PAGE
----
It is apparent, nonetheless, that when Sawyer is adapted to this case the relationship between Winfield and the ultimate seller assumes critical significance. But, in considering the evidence and the inferences to be drawn from it, we must as appellate judges view it in a light most favorable to the Government. United States v. Robbins, 340 F.2d 684 (2 Cir. Jan. 12, 1965); United States v. Tutino, 269 F.2d 488, 490 (2 Cir.1959); United States v. Brown, 236 F.2d 403, 405 (2 Cir.1956). With this in mind, we note that here, unlike Adams v. United States, 220 F.2d 297 (5 Cir.1955), the evidence and the inferences which the trial judge could reasonably draw indicate that Winfield had been previously associated with his connection in selling narcotics. As an illustration, in apologizing for his supplier's delay, the appellant explained that he had never been late before. And when the agent expressed concern about the money paid in advance, Winfield sought to allay his fears by stating that the sum meant nothing to the connection with whom he had been 'doing business' for 'quite some time.' When the total absence of any evidence tending to support the procuring agent theory is contrasted with this proof of prior dealing, we hold that it was reasonable for the trial judge to infer that Winfield was associated with his supplier in selling narcotics.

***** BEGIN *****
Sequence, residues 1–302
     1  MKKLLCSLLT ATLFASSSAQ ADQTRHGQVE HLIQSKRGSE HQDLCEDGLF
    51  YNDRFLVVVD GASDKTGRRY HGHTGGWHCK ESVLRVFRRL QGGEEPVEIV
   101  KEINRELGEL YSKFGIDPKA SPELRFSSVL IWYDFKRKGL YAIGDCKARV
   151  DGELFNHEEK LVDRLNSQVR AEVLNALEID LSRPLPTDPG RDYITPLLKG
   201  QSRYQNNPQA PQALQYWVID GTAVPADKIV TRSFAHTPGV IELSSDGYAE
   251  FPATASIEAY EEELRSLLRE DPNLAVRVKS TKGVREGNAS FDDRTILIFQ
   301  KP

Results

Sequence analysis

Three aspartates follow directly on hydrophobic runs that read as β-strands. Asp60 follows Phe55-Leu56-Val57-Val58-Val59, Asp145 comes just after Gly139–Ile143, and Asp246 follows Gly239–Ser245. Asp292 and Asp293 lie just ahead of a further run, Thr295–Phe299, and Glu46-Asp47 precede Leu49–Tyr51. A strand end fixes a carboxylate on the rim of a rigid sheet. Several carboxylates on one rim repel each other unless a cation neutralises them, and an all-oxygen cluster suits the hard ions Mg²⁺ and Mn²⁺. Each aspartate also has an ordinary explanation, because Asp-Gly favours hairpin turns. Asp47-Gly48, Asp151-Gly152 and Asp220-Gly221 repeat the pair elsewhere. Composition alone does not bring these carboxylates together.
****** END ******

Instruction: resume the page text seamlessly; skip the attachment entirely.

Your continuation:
It is true that the Government in United States v. Valdes, 229 F.2d 145 (2 Cir.1956), made a stronger showing of previous association and this Court therefore found it unnecessary to express an opinion on the applicability of the Sawyer-Adams principle. In Valdes, the defendant had been in the narcotics traffic for ten years and apparently had his own supply of heroin. Appellant, nevertheless, takes an overly casuistical view of the law in suggesting that the distinguishing line is whether the Government agent said he wanted to 'buy' rather than 'get' narcotics.1